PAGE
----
Will Matt LeBlanc’s Top Gear ever emulate the success of The Grand Tour?

As Top Gear films episodes in the UAE, we compare the struggling BBC show with Amazon’s The Grand Tour, which on Friday ends a successful first series – led by the ex-Top Gear hosts Jeremy Clarkson, Richard Hammond, and James May.

American actor and Top Gear host Matt ­LeBlanc, who was in Dubai over the ­weekend to film a segment for the 24th season of the BBC's ­beleaguered motoring show, is in the hot seat.

While details of the Top Gear shoot in the UAE remains under wraps, sources with knowledge of the production said that ­LeBlanc will be featured as part of a plot where Top Gear's presenters (including Chris Harris and Rory Reid) will race from Oman to the UAE using cars, yachts and planes.

The show is in town only a month after former presenters, Jeremy Clarkson, Richard Hammond and James May, hosted the finale of their rival show The Grand Tour in their studio tent under the Burj Khalifa.

Let’s hope that LeBlanc has his eyes set firmly on the future, ­because, let’s face it, season 23 was a disaster.

Once one of the most-watched television shows on the planet, Top Gear went into free fall after former presenter Clarkson left in March 2015, taking with him co-hosts and buddies May and Hammond.

British radio personality Chris Evans and LeBlanc were hired, alongside fellow petrol heads Reed, Harris, Sabine Schmitz and ­Eddie Jordan, to lead 2016’s six-part series, but it did nothing to save the show.

After a dismal pilot, where Evans was universally panned for his screechy Clarkson impression, the show drew fewer and fewer viewers with each episode.

The lack of chemistry between Evans and LeBlanc, format changes and lacklustre car ­reviews were blamed for what critics and the audiences viewed as a lemon of a series.

The fact that Top Gear was broadcast at the same time as the UEFA Euro tournament didn't help, and the season ­finale was watched by only 1.9 million viewers – the lowest in the programme's history.

Evans quit a day after the final broadcast, and it is now left to LeBlanc to steer the programme back on track, this time with the help of Harris and Reed as co-hosts.

To understand the magnitude of this challenge requires a close look at The Grand Tour, because it is Top Gear's destiny to be inextricably linked with the men who made the BBC show famous in the first place.

Top Gear became a worldwide phenomenon because of the camaraderie between Clarkson, May and Hammond.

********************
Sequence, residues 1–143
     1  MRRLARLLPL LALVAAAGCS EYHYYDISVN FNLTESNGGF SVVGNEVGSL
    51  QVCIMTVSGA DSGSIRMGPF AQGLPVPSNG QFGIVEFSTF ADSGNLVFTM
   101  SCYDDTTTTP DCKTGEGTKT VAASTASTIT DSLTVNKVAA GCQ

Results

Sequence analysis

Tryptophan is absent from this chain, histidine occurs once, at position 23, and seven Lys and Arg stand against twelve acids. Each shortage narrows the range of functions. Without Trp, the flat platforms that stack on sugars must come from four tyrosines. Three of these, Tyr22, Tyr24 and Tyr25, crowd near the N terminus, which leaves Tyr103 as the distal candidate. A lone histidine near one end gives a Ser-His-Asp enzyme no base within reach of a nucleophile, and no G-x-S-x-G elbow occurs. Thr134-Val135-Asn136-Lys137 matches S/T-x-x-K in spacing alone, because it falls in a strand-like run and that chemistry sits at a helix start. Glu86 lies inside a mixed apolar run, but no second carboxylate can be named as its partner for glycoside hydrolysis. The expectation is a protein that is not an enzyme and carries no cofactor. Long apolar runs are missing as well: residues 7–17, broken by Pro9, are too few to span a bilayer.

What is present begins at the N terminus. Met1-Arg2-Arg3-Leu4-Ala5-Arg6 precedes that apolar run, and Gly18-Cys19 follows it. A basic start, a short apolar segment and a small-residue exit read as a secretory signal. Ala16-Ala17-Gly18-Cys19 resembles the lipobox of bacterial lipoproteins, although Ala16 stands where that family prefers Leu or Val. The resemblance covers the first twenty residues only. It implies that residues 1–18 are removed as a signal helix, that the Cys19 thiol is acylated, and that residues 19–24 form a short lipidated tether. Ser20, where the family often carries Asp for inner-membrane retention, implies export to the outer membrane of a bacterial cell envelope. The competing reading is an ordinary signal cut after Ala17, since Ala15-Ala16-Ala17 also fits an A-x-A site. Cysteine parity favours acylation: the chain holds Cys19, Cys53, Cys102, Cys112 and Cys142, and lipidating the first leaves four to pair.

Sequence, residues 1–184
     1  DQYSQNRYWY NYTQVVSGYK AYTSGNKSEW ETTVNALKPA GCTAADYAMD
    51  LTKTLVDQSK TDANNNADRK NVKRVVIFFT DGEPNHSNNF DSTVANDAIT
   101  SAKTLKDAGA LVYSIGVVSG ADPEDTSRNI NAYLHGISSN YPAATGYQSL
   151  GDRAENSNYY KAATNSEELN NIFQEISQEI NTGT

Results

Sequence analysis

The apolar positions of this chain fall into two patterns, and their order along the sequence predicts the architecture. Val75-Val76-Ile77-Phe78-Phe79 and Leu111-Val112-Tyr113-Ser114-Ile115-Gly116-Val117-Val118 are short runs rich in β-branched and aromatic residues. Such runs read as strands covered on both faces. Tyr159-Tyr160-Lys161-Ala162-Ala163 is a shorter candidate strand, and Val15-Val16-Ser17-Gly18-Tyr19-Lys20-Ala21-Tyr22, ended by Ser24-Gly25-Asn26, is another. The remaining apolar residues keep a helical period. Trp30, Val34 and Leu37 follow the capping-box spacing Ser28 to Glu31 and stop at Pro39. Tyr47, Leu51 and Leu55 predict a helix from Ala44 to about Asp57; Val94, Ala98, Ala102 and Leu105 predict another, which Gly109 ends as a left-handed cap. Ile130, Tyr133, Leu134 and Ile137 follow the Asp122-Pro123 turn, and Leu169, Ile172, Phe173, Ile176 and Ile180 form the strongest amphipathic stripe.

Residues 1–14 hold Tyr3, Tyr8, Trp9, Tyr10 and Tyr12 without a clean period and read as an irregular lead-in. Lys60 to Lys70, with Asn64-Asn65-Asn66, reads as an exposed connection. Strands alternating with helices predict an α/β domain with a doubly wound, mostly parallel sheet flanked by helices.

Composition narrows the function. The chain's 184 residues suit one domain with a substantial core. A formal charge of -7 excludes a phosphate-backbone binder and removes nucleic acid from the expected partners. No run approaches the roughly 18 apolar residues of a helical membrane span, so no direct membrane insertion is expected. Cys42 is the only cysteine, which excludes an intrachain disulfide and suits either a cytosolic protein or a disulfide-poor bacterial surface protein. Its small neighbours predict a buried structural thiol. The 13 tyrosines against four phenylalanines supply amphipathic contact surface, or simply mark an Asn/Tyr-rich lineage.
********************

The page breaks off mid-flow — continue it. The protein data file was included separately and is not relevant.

It was not so much a motoring show, but three ageing friends playing idiotic tricks on each other, blowing up stuff, and racing around the world in supercars. The Grand Tour pretty much follows the same formula, with the programme helmed by ex-Top Gear producer Andy ­Wilman and a formidable budget of £160 million (Dh737.6 mn) – four times the amount they had on Top Gear.

When it launched on Amazon Prime in November last year, The Grand Tour became the streaming site's most-watched show.

By December, it was named the world's most illegally-­downloaded television ­programme, according to Muso, data analysts for the ­piracy ­market, and beat dramas such as Game of Thrones and The ­Walking Dead.

Importantly, The Grand Tour, whose premise involves test-driving luxury cars as well as doing inexplicable things such as building coral reefs in Barbados, has stayed faithful to their original Top Gear format.

Car reviews, track laps, the news, celebrity appearances, crazy stunt specials – they are all there, because, why mess with a good thing?

Of course, each segment has been rebranded to avoid copyright issues with the BBC.

So The News, in Top Gear for example, has been named Conversation Street in The Grand Tour, during which the trio indulge their pet peeves, from chocolate to speeding fines. In Celebrity Braincrash, the stars supposed to appear on the show are killed off in unfortunate accidents.

Over the years, the personalities of the hosts have taken on caricature-like dimensions, brought into sharper focus by their escapades.

So, Clarkson is a "shaved ape in a shirt", May is a by-the-book slowpoke who would make an excellent history professor, while Hammond is an impulsive dandy. Their friendship is their winning formula. It is what made their stint with Top Gear special, and it is why The Grand Tour – despite the three presenters' abhorrently non-politically correct stance – is a hit.

Until the new Top Gear comes up with a chemistry of its own, it will continue to be dwarfed by The Grand Tour.

• Watch the final episode of The Grand Tour on Amazon Prime on Friday. For details, visit www.primevideo.com